Hanging ‘the gallery’ brings back memories


By Teresa Mottet

I moved from my farm home of 61 years to a condo in Fairfield in December. My furniture and drapes were in place, and I put my decorative clocks up, but I never took time to put any pictures on the walls. I was too busy quilting.

Last week I finally took two days to put up my “gallery,” as we called it on the farm. Using masking tape, I marked out a rectangle on the wall above the sofa 78 inches wide (the length of the sofa) and 36 inches high. The pictures went in this area. I had this arrangement on the farm for more than 30 years before it was fashionable to have groupings of pictures on the walls; now fashion has caught up with me.

It took two days to get them all up, these pictures I had not seen for almost 10 months. Each one had a story to tell. There are photos of ancestors:

Francis’ great-grandfather (also named Francis Mottet) who was born in France in 1815 and came to the U.S. as a young man. In the photo he and his wife have serious expressions; the resemblance Francis bore to this ancestor is remarkable. A picture of his mother’s parents is there, presumably the wedding picture. They, too, had serious expressions.


The 15 members of the Riverside Municipal Band back in the 1920s: There is Francis’ dad as a young man, posed with a bass drum which he played. All are dressed in suits, white shirts, ties and military-style caps. Playing in the band was important business.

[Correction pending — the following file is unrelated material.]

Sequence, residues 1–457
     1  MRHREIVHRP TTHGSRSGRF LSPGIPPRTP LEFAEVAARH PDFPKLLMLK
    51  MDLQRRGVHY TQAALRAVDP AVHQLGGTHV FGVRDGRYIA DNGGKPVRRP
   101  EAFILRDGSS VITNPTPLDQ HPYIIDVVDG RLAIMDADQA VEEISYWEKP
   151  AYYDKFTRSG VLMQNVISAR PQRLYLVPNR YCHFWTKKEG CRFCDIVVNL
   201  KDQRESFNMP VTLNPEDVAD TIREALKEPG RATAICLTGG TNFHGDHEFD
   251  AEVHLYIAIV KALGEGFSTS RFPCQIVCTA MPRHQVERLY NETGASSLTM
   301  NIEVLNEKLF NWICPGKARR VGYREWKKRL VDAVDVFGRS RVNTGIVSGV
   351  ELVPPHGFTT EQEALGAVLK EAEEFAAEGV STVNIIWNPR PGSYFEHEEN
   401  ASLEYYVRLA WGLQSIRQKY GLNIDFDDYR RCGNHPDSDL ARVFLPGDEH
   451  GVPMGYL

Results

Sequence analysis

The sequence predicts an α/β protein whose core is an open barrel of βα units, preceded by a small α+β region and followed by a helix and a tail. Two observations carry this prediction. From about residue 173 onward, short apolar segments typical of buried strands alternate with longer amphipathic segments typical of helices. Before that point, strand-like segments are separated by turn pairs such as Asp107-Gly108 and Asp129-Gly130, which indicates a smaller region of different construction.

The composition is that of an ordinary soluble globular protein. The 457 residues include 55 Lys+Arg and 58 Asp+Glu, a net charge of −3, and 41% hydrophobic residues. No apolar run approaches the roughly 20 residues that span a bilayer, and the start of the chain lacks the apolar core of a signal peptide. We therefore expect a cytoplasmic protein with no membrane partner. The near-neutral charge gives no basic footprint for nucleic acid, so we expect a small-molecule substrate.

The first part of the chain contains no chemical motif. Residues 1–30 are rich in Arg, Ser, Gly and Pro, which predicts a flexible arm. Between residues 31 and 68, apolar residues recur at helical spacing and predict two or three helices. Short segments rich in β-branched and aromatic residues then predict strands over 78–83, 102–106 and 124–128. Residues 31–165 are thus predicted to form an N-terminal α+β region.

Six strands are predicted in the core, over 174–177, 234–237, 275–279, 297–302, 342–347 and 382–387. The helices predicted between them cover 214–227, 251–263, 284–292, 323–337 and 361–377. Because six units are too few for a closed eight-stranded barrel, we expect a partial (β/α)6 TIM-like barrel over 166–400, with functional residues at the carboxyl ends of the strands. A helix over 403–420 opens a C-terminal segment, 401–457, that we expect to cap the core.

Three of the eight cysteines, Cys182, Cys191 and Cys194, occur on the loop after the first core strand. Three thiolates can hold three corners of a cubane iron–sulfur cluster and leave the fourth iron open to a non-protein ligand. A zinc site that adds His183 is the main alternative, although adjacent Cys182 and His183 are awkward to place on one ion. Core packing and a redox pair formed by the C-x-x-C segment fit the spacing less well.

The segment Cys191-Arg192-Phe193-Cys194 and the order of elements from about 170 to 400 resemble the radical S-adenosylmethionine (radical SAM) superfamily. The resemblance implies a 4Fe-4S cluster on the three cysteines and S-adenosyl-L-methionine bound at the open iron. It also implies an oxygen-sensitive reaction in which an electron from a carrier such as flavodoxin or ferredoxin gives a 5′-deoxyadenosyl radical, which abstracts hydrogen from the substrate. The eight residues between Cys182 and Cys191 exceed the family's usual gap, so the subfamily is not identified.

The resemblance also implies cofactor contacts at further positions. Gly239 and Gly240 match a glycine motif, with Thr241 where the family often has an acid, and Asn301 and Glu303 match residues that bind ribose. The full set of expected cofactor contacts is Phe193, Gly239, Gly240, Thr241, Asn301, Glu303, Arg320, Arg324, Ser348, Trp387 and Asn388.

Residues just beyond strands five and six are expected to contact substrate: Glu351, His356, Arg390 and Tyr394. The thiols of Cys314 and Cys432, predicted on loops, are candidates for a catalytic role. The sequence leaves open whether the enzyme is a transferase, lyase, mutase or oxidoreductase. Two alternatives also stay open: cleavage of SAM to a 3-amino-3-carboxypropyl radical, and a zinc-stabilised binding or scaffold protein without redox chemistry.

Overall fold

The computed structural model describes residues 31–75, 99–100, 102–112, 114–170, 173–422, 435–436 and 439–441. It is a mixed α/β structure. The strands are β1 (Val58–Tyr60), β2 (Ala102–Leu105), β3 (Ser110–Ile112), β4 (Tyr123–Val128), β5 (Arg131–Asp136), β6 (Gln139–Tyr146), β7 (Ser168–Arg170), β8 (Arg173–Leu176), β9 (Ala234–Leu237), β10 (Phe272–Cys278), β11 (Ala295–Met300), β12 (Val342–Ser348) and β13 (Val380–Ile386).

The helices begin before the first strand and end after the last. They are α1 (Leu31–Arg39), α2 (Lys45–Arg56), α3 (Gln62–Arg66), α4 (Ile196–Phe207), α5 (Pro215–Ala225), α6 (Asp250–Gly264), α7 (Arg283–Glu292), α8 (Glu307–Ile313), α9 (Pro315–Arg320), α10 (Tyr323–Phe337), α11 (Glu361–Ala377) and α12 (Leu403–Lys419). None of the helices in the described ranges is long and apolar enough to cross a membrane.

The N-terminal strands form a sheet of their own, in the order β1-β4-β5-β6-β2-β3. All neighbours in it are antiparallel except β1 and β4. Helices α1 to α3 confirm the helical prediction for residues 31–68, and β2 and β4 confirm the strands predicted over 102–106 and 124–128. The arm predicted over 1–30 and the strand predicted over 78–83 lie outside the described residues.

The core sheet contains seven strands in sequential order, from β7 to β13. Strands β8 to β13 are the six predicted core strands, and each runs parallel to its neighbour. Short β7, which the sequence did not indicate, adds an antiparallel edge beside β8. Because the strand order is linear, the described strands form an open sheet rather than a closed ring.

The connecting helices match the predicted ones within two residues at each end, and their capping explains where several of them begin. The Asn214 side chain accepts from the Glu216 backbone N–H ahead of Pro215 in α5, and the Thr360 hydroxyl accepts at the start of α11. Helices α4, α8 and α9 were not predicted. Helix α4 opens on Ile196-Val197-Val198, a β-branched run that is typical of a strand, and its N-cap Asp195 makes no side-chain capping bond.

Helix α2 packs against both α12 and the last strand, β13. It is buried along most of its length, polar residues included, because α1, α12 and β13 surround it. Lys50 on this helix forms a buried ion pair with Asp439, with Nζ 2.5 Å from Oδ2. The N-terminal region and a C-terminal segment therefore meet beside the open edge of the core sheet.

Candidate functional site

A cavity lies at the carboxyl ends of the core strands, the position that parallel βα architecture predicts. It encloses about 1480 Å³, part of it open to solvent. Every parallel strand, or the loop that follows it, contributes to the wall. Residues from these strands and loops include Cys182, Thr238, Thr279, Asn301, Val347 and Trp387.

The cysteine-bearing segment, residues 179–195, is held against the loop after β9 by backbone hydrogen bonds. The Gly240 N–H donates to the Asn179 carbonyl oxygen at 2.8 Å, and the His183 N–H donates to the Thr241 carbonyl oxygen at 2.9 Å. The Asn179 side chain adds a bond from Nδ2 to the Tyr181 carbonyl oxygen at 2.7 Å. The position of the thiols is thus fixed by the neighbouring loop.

There are wedding pictures: Francis and me (1948); my parents (1918) and his parents (1916); my 1946 high school graduation picture with 19 classmates from Brighton High School. Of the 19, 10 are deceased. I look at the picture with fond memories of good times.

There are family pictures; my siblings, myself and our parents in one picture when I was about 9 years old. I had four brothers and one sister. There is another photo of us taken as adults. My brothers are now deceased.

There are two of Francis’ family: one of him and his siblings taken when he was about 12 years old (he was the oldest child), and another taken just before he left for the army in World War II. His parents are in that one. A separate 8×10 portrait of him in his army uniform (head and shoulders) reminds me of how he looked when I met him and fell in love, after he returned from service in 1946.

Baby pictures of our four children are there, along with kindergarten and high school graduation pictures, reminders of how fast they grew up. My baby picture and Francis’ are there also. Our kids’ wedding pictures were in the arrangement when I lived on the farm and had more wall space for it, but here I put the four wedding pictures in the hallway and they look just right.

There are a few notable snapshots of our travels: Francis in front of St. Basil’s in Moscow’s Red Square, at the Leaning Tower of Pisa, at St. Peter’s in Rome, the Parthenon in Athens, in Jerusalem at Galileo’s tomb. I even have a tiny picture of Calico, our 16-year-old house cat.

 A few priests and some other dear friends grace my wall, and each picture brings back a flood of memories. They are reminders that time marches on, but the love and the connections that we form with others go on forever. This is my “cloud of witnesses” as the Bible says in Hebrews 12:1.

Now that I have them all up on the wall I don’t feel so alone. All my witnesses are here too, and I see them and think of them every day. I pray for them, and ask the deceased ones to pray for me and help guide my days. Now it feels like home.

(Teresa Mottet lives in Fairfield.)

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